kodak safety film

Discussion in 'Color: Film, Paper, and Chemistry' started by pecase, Mar 10, 2005.

  1. pecase

    pecase Member

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    I have come across some film from what I think is the 50s, but cannot decipher the code. These are transparent color "negatives", (but the colors dont seem reversed), and they are unfortunately cut into images, so not on a loop with notches. They all say Kodak Safety film and have the same 6 digit number on them. What can I find out about them, including if they can be developed? Many thanks for replies.

    pecase
     
  2. Bob F.

    Bob F. Member

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    If "colors dont seem reversed" - i.e. you can see the images on the film, then they are already developed. If the colours are as they should be (roughly) then they are not negatives, but slides.

    What size are they and are they mounted in any kind of holder? Can you scan one and show us which would help identify them, but so far they sound like normal slides.


    Bob.
     
  3. jd callow

    jd callow Moderator Staff Member Moderator

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    just a wa guess

    might be faded print film...
     
  4. Dave Parker

    Dave Parker Inactive

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    Virtually all Kodak film from the late 40's through the Mid 60's were designated as 'Kodak Safety Film' if you see images on the film, then it has been developed and should be able to be printed by most of the labs/stores around.

    How large are they, are they 35mm or Medium format, it was very common to see MF sized film cut into singles from that era, we used to get alot of them that way at the store I worked at.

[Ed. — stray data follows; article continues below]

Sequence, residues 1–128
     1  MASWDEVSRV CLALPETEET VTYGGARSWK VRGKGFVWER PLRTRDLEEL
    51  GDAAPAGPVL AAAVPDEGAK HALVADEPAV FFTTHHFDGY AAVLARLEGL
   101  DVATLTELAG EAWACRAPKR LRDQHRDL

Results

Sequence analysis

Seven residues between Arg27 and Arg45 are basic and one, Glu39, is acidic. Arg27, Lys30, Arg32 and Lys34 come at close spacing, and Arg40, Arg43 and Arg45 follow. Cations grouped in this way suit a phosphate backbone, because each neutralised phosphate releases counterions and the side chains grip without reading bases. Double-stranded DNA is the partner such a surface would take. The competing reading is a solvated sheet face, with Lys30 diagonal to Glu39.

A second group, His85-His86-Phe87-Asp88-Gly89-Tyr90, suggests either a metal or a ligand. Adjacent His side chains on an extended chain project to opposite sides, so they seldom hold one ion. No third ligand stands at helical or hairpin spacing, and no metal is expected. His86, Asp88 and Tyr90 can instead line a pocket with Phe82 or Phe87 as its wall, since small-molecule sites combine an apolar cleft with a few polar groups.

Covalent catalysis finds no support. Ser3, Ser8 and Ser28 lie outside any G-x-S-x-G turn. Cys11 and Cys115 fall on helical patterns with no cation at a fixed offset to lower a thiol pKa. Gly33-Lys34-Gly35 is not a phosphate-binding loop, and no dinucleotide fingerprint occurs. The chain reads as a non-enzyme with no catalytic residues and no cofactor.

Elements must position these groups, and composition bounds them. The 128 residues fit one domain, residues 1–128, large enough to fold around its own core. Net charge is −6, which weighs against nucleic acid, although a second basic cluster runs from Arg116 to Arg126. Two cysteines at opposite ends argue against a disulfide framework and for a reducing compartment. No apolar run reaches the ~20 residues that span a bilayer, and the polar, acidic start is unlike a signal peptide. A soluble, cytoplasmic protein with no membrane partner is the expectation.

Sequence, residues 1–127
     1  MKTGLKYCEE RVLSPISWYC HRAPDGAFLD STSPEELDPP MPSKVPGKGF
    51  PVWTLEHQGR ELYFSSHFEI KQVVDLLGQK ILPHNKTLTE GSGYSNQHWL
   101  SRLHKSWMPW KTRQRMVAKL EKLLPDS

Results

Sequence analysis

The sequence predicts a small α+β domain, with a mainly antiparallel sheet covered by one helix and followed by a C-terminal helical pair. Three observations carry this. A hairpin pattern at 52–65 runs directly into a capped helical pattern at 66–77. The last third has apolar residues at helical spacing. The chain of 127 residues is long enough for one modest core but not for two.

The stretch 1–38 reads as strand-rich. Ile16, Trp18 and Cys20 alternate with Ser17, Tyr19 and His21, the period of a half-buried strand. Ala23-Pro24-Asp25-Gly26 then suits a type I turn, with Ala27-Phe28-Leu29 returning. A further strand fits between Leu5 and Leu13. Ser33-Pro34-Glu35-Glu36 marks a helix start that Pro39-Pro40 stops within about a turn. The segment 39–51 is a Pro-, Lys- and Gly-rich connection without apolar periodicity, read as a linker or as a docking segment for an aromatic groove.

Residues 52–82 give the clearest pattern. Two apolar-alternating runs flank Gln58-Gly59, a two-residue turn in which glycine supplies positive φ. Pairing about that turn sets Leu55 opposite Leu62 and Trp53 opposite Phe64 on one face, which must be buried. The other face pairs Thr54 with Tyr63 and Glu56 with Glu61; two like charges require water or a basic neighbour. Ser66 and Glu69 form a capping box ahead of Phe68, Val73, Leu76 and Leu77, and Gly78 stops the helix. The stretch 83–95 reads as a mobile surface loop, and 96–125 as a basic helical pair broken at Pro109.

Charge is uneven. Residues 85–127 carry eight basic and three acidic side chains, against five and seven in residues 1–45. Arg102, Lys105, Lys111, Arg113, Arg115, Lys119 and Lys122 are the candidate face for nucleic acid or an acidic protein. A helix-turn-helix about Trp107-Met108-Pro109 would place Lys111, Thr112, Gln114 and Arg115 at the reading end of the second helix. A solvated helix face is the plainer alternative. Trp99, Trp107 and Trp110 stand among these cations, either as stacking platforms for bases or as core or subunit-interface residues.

Dave
     
  5. Mongo

    Mongo Member

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    A quick history lesson: Back in the late 19th century, Cellulose Nitrate was first used as a film base. It had good characteristics for use as a film base (flexibility, easy to coat, held the emulsion well), but it had one significan drawback: It was flammable. As the film aged and decomposed, it became more flammable. Negatives stored in tight spaces (the proverbial "shoe box") tended to decompose more quickly and give off flammable gases. If the film caught on fire, it would give off free oxygen (thus feeding the fire) and toxic fumes. When it was fresh, Cellulose Nitrate film could be ignited by a cigarette. An old box of negatives could be ignited much more easily.

    In the 1930's companies started using Cellulose Acetate as a film base. Because it wasn't dangerous like the old Cellulose Nitrate film, it was called "Safety Film." This was a big advertising point in the '40s and '50s, and old film boxes and the film itself is identified as "Safety Film".

    Enough of the history lesson for the day...we now return you to your regularly scheduled program...
     
  6. pecase

    pecase Member

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    kodak safety film, continued

    thanks for your replies, and the detailed history lesson. I guess it makes sense that they are already developed. But i am not sure if they are quite slides, as they are about 2' BY 2". A friend suggested that they are images cut from a film loop. Is that possible? BTW, these are of a famous person!
     
  7. Christopher Colley

    Christopher Colley Member

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    is there a line next to the images that looks like a 'waveform' or a line from a lie detector test/EKG ? the line would be going along the same place as the sprocket holes, right next to them

    if so, its likely movie film.....